Paraphrasing - How to do it well

  • What is paraphrasing

Paraphrasing is a question that is designed to clarify the listeners understanding.

It is a question that helps the listener

or in other words the Receiver of the information

to be very clear about what the Giver of the information is:


Thinking, or


In other words

  • Paraphrasing is an opportunity in the conversation for you as the listener/receiver of the information to check your perception of what has been said to make sure there are no misunderstandings and that you have the facts, feelings and/or opinions that have been communicated, very clear.
  • By paraphrasing what has been said you are simply checking back with the person you are talking to so you can evaluate your understanding of what they have said and therefore make sure you are both "on the same page".
  • Paraphrasing also allows you the opportunity to encourage further dialogue with your conversation partner. By checking your perception of the facts, feelings and/or opinions that have just been expressed you provide the giver of the information the opportunity to clarify and expand on what they have been telling you. So if you feel that your conversation has come to a dead end, try paraphrasing what has just been said and see what happens………you'll be very pleasantly surprised!

So, what does a good paraphrase look like

  • Each paraphrase is phrased as a CLOSED question - in other words it can be answered with a "Yes" or "No" answer
  • Each paraphrase starts with a prefix - e.g. "So what your saying is", "Are you saying", "So you seem", "So you think that", "So what you're saying is", "So you feel that", "Ah, so it's…..", "It sounds like", "So………", etc, etc………
  • The prefix is followed by a re-statement of what has just been said by the speaker and should be no longer than one sentence.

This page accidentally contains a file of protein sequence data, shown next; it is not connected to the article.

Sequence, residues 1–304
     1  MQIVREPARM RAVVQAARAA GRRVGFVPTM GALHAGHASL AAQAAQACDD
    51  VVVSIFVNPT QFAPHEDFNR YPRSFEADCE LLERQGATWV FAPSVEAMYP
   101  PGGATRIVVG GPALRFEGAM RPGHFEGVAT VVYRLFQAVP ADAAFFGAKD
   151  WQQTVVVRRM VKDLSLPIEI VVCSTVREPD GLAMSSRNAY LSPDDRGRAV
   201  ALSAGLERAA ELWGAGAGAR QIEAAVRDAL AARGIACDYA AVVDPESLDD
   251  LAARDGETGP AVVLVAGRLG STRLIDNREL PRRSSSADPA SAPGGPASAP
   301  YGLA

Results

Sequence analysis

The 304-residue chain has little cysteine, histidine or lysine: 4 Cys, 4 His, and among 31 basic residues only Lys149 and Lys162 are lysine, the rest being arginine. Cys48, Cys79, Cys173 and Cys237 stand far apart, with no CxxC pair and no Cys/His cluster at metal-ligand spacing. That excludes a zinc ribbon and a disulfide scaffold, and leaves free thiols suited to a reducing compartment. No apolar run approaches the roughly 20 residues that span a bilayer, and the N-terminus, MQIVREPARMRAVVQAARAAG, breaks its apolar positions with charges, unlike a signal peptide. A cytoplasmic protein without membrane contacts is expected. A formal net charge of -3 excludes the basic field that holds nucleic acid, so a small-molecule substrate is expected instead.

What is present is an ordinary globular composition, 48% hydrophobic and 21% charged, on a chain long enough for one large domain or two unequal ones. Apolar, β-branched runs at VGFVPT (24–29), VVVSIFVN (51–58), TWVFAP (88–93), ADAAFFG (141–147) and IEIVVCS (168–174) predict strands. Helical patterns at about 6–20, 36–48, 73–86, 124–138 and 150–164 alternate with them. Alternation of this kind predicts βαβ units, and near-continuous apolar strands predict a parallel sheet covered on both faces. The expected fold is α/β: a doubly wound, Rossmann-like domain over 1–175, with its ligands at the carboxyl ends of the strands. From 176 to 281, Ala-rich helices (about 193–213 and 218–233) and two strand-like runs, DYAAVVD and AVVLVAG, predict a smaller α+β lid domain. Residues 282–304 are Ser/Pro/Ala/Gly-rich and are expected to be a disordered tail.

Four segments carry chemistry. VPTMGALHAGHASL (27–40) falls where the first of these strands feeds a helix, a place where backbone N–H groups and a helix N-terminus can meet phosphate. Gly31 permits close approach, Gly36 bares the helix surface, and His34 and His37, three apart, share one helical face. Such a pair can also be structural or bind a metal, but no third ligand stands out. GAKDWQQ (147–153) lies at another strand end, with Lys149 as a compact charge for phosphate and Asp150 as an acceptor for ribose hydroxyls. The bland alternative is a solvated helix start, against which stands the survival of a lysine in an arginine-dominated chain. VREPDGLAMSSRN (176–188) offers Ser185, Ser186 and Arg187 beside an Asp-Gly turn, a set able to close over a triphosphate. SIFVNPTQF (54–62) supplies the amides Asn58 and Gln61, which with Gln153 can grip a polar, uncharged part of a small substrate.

Let's look at these three points in greater details


Each paraphrase is phrased as a CLOSED question. 

Because a paraphrase is essentially an opportunity for the listener to check their perception of what has just been said then it should always be phrased as a closed question because you do actually want a response.

You need to be clear that your perception is in fact correct and the only way to know this is to learn how to paraphrase in such a way that you are asking a question that initially requires a YES or NO response.


Each paraphrase starts with a PREFIX - such as the examples I referred to above.

The prefix is important because this is what ensures you get a response from your question.

It is all about learning, practicing and applying this skill to your day to day conversations. Please don't feel you MUST use one of the prefix examples given here. Just use what sounds natural, genuine and appropriate for your situation and your personality and communication style.

The point is, learn how to paraphrase so you can improve the flow and outcome of your conversations and feel more confident about communicating with your prospects, customers and business partners.


Each paraphrase contains a RE-STATEMENT

The re-statement should be short, no longer than one sentence. You don't want to confuse people with a long re-statement - you'll never get clarification that way. And, you don't want your paraphrase to turn out to be a mini summary!